Per your Form 1023 application, you were formed as a limited liability company on B in the state of C. However, you also submitted, with your application, a document titled, "Articles of Incorporation", which shows no evidence of being filed with the Secretary of State. We requested a filed copy of your organizing document to determine if you are a legal entity and, if so, what type; however, it was never provided.
The unified document titled "Articles of incorporation" states that you are organized exclusively for charitable, religious, educational, and scientific purposes and that you will accept donations, and will service clients with an educational and altruistic mission of empowerment through knowledge and skill, by making design for clients that they are taught to take care of themselves.
Your primary activity is making * * * designs for client's homes. Anyone can request a * * * design and the fee for the service is h dollars per client. As part of the * * * design, you educate clients on how to maintain, and sometimes even install, the design. In addition to the design, payment of the fee gives clients access to an education manual and maintenance calendar and allows them to * * * your founder up to D times annually with questions. The fee is based on the fair market value of services provided by an individual with your founder's experience and expertise in the * * * industry. The fee charged is all inclusive and includes the * * * design and accompanying educational material. If the client does not want the educational material, and just wants the * * * design for their home, the fee is the same. You stated you do not anticipate offering any educational programs to the public that are not part of the * * * design service. The public learns about the service via online advertisements and other online platforms.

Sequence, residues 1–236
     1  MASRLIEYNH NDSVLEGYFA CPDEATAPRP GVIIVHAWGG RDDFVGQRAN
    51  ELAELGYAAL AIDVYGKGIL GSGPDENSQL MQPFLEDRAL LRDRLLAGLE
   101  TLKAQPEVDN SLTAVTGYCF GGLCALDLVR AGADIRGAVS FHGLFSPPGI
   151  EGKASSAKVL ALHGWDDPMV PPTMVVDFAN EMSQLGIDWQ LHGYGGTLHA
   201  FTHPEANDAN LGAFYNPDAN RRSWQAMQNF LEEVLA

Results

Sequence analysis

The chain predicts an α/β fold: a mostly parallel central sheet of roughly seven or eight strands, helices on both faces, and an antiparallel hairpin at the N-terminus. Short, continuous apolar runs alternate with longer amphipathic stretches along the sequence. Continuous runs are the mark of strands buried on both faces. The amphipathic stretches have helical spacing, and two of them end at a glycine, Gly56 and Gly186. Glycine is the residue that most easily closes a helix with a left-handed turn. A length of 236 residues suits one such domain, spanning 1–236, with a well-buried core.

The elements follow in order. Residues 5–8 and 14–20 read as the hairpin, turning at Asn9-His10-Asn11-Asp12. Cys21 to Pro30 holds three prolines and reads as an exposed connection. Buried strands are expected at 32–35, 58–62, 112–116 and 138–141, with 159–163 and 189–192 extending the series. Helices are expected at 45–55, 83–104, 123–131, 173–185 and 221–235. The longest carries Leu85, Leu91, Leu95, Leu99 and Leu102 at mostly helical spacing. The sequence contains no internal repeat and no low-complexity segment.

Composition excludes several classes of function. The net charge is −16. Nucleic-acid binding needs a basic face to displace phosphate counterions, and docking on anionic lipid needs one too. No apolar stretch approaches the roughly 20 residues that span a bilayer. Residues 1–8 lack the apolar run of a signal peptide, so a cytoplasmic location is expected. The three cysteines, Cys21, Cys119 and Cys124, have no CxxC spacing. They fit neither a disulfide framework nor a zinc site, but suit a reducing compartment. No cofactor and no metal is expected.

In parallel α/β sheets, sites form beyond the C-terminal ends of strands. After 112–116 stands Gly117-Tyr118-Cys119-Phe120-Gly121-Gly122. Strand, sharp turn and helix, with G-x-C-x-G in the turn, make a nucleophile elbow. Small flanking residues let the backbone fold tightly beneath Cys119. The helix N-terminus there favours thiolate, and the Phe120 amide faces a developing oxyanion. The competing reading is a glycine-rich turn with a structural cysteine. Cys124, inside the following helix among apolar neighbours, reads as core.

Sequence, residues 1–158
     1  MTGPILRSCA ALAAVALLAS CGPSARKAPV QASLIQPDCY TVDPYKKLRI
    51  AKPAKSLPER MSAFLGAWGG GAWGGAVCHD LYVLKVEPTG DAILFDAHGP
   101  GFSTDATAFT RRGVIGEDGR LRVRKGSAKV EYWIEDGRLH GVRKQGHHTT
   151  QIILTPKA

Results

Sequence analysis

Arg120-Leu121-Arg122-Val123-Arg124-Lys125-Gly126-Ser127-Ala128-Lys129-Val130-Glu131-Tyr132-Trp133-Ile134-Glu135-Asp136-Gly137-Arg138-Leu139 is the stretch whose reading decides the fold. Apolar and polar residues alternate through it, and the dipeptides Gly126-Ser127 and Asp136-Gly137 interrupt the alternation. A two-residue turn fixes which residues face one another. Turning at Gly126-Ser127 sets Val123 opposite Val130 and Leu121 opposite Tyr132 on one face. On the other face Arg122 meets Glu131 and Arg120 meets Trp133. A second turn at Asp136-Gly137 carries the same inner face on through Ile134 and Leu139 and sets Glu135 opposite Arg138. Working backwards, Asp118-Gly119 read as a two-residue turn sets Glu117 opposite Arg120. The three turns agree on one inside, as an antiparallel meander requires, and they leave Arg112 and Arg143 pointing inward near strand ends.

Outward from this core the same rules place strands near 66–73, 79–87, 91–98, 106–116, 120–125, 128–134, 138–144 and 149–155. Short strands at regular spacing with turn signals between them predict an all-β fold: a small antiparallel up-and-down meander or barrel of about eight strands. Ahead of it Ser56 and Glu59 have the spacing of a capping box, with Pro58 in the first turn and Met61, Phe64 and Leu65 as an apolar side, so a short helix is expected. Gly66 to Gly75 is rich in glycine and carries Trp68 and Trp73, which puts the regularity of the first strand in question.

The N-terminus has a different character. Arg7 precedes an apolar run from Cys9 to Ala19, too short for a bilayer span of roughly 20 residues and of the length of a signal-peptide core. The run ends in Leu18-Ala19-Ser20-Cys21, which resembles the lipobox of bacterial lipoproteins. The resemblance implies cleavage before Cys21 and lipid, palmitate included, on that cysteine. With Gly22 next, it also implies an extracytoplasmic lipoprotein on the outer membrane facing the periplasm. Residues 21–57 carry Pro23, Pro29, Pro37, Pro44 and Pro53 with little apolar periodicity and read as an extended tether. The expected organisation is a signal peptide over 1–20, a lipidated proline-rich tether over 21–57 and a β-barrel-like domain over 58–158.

Your other intended activities include designing, installing, and maintaining a headquarters and awarding scholarships to individuals pursuing formal * * * studies. You have stated that the * * * may be at a home owned by your founder's close relative or you may purchase a separate property for this purpose.
Your founder is your only board member and you stated that you don't anticipate any other officers, directors, trustees, or employees. She conducts all your activities, working approximately * * * hours/week. Her most significant duties include meeting with clients and creating * * * designs. Creation of educational materials for clients constitutes only approximately j percent of her time.
Financials submitted show that all receipts are from client fees from * * * designs. The founder's salary is your most significant expense and accounts for approximately k percent of revenue. Minimal expenses include program expenses (items such as gas, office supplies, books, technology and gifts to clients) which account for approximately j percent of revenue and scholarship distributions which account for approximately m percent of revenue. You stated that the significant excess revenue, n percent, will be available for future growth and development.